The announcement in the policy address that due attention would be paid to the environment when considering the rezoning of green belt land to provide land for new housing did nothing to boost my confidence that this would actually happen.
I have now seen one example of where it blatantly has not.
The low-rise developments at the upper end of Lo Fai Road in Tai Po were all built on platforms created when spoil was required for the Tai Po Industrial Estate reclamation, and to screen these developments and maintain a green vista when viewed from Tolo Harbour, a forested mound was retained.
Only Tycoon Place intrudes on this view, but all that will change, as this area is now scheduled to be rezoned from green belt to be sold for what can only be low-rise luxury development.
Many trees will be felled and the mound levelled to provide housing, not for the middle class who need it, but for people who are already well catered for in the luxury market.
This smacks of bureaucrats overruling professional common sense simply to come up with numbers, but the irony is that this site will not provide a great number of units, and it could be preserved with very little impact on the overall number of units scheduled to be provided in Tai Po District.
It also makes a nonsense of the chief executive's pledge and makes me wonder just how much the emphasis is on numbers at the expense of everything else.
Green belt sites were after all designated by planners to provide buffers from development, not to be developed.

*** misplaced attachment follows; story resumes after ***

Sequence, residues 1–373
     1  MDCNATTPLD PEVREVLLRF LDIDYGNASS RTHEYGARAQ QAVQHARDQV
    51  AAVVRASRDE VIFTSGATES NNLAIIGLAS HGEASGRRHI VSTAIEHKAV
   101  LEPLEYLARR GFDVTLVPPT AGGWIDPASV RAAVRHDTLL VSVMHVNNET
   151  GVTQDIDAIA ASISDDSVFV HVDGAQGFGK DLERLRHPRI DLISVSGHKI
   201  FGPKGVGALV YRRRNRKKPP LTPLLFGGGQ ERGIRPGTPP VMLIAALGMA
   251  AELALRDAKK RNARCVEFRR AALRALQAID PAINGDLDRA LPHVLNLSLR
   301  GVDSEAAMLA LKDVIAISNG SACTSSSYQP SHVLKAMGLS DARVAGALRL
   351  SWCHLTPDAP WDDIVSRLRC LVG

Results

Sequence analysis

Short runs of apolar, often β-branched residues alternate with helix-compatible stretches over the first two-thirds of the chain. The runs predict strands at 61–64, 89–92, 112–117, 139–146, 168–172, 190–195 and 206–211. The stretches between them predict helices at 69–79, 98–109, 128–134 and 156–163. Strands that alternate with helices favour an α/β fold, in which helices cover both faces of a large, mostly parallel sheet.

Yes, there are difficult choices to be made, but please let them be made wisely.
Allan Hay, Tai Po
Terminal left very negative impression
I recently visited Hong Kong as a passenger on a cruise ship docked at Kai Tak Cruise Terminal. Architecturally a designer's daydream, it is a user's nightmare. A kilometre-long trek from ship to exit requires ground staff to guide you through a maze of empty corridors to find exactly nothing at the end.
There is no Tourism Board office, no currency exchange or ATM, no taxis and an hourly shuttle bus service to a shopping mall. Other passengers found it impossible to get taxis to take them back to the terminal as the drivers did not know the way - better signage and taxi driver education is needed. The initial impression this gives is very negative, even more so for those with mobility problems.
The terminal urgently needs a regular free public bus shuttle service to an MTR station and, in the longer term, a direct connection to the MTR if this edifice is to benefit the tourism sector.
Stephen Harrison, St Privat, France
Prevailing culture of generosity
Fundraising drives for charities, like Operation Santa Claus, illustrate that there is a wealth of generosity and sympathy for those in need in Hong Kong.
At weekends you see children with their parents collecting donations for various charities, with their pages of stickers bearing the name of the designated organisation.